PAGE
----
Self-censorship on campus

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First there were Jewish space lasers. Now there are Jew-free zones. Neither exist. But both urban myths are signs of our hyperbolic times.

Jewish space lasers came from the fevered mind of Republican Rep. Marjorie Taylor Greene of Georgia. Jew-free zones refer to nine student groups at the UC Berkeley Law School (out of more than 100) that signed on to a statement pledging not to invite speakers to their events that support “Zionism, the apartheid state of Israel, and the occupation of Palestine.” For good measure the nine groups reiterated support for BDS. The school’s dean condemned the pledge. So did Jewish groups from coast to coast. Even Barbra Streisand expressed concern.

While there are no Jew-free zones, there is fear that there are. And this fear feeds vigilance — and hyperbole — that can make it easier to declare certain speech or actions antisemitic when a more nuanced view might lead to a different conclusion. That fear can also cause intimidated students to not speak up at all.

Berkeley is an extreme example. But there are others. Many college campuses are feeling the heat of hostility to its Jewish students and their guilt by association to Israel. What’s needed is college leadership, including teachers, to take on a mediating role and to encourage constructive, respectful discussion and debate. That may not change anyone’s mind, but it will empower those being vilified to feel less put upon by a disturbingly increasing college campus culture of exclusion and derision.

Unfortunately, many of the non-student campus leaders lack the interest or the skill to help analyze and critique both sides of the debate. And worse, it is often members of the college faculty who lead the accusatory and demeaning challenges that generate the tension and conflict.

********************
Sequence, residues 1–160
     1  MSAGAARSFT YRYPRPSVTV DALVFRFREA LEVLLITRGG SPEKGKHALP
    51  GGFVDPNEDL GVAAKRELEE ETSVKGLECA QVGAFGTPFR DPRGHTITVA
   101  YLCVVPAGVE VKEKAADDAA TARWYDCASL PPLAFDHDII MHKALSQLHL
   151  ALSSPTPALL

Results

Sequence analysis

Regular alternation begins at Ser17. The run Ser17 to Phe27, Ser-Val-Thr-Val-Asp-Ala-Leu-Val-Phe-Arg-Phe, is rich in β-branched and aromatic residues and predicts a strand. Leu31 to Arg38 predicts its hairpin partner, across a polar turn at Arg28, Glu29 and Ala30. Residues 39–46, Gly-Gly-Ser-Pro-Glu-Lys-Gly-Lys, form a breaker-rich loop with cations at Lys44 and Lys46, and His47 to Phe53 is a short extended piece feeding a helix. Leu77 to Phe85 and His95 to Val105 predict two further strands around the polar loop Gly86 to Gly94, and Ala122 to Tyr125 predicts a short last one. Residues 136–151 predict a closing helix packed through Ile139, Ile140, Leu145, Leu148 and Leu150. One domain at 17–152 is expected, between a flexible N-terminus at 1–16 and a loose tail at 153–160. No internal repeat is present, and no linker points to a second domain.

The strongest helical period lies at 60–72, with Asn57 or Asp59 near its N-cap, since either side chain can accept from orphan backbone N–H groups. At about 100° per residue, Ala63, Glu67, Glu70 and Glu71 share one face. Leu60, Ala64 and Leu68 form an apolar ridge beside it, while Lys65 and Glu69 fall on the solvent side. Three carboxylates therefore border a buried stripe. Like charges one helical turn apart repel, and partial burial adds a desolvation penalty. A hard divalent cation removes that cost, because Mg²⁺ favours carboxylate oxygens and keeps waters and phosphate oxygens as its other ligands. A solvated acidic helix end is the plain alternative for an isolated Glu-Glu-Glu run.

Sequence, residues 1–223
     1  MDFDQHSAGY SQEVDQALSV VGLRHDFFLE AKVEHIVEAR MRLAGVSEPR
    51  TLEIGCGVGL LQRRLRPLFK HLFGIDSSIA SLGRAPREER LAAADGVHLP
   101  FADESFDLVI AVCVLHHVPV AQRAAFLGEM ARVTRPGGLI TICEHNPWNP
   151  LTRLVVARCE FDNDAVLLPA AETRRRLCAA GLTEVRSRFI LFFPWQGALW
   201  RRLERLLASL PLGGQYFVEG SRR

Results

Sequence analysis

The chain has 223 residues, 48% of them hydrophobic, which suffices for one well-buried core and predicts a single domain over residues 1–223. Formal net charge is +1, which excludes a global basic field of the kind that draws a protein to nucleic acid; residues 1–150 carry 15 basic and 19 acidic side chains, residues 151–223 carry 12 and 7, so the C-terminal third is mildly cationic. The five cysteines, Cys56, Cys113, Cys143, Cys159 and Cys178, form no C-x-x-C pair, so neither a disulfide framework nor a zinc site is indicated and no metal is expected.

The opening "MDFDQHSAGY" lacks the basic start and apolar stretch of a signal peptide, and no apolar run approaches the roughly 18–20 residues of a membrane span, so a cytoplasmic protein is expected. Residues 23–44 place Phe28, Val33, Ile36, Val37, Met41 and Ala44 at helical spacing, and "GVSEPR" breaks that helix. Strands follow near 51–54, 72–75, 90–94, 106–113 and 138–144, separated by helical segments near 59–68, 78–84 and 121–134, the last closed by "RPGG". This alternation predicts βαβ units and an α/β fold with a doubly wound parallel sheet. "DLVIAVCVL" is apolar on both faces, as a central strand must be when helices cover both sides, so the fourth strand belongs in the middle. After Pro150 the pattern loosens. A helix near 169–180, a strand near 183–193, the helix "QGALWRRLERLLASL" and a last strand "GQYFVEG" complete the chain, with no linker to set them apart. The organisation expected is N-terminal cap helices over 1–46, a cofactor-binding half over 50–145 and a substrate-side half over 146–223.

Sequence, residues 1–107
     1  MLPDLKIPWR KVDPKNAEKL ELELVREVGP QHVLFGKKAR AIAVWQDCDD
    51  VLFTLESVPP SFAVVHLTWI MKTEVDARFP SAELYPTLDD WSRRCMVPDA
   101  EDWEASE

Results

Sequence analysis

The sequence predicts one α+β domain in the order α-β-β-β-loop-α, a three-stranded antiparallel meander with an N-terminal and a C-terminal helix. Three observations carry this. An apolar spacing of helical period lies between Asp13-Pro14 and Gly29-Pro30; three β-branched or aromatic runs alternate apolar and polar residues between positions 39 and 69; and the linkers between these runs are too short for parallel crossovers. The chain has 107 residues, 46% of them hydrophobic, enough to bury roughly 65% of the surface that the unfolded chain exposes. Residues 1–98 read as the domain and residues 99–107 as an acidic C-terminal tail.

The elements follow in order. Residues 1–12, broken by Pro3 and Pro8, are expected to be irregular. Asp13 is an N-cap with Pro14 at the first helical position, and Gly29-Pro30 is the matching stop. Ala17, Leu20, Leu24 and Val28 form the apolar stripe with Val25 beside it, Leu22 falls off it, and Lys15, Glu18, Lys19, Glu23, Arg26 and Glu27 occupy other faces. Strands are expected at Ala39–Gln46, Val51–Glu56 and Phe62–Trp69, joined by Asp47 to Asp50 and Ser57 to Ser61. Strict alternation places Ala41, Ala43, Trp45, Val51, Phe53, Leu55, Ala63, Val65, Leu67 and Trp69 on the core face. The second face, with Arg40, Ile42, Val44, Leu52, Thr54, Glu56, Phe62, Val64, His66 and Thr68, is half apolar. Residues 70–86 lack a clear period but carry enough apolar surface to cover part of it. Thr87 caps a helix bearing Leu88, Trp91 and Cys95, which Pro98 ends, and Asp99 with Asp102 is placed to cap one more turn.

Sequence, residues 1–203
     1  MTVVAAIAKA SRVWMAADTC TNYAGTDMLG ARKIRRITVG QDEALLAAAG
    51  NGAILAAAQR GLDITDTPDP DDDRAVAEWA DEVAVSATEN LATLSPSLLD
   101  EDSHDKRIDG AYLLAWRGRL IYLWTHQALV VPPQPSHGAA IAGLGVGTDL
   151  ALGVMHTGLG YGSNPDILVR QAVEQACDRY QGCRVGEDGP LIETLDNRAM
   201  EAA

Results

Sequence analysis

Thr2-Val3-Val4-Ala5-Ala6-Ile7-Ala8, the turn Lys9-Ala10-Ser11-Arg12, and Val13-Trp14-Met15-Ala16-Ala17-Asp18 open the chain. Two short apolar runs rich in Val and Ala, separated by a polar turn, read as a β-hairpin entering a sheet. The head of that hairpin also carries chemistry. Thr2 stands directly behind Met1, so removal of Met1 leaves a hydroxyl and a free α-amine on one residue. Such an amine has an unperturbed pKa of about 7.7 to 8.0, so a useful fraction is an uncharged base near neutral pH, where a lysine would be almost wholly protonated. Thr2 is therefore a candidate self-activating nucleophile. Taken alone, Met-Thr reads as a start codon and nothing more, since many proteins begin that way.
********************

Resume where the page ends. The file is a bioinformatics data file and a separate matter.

It’s not just Jewish students who feel intimidated and reluctant to speak up. A recent survey by the Foundation for Individual Rights in Education found that 83% of college students reported engaging in self-censorship, up from 60% in 2020. And according to a recent op-ed in the Boston Globe, “The primary reason students say they don’t express their authentic views, according to a Heterodox Academy survey, is fear of peers taking offense. Many even worry that sharing their thoughts will cause others ‘harm.’”

But fear of speaking up is different from fear of being victimized or attacked. An ADL survey from 2021 found that one in three Jewish students experienced antisemitic hate directed at them in the previous academic year. The most common incidents were offensive comments online or in person, and damage or defacement of property. Jewish students on campus report that they keep their kippot in their pocket and hide their Stars of David under their sweaters. These concerns are real. And reports of these problems frighten other students who may not have actually experienced antisemitism themselves. This leads to a feeling of alienation on campus.

We hope wise professionals will step forward to help shift the mood on our college campuses. And we encourage everyone involved to work to lower the temperature. The situation at Berkeley is upsetting and deserves to be called out and should be corrected. But there are no “Jew-free spaces.”

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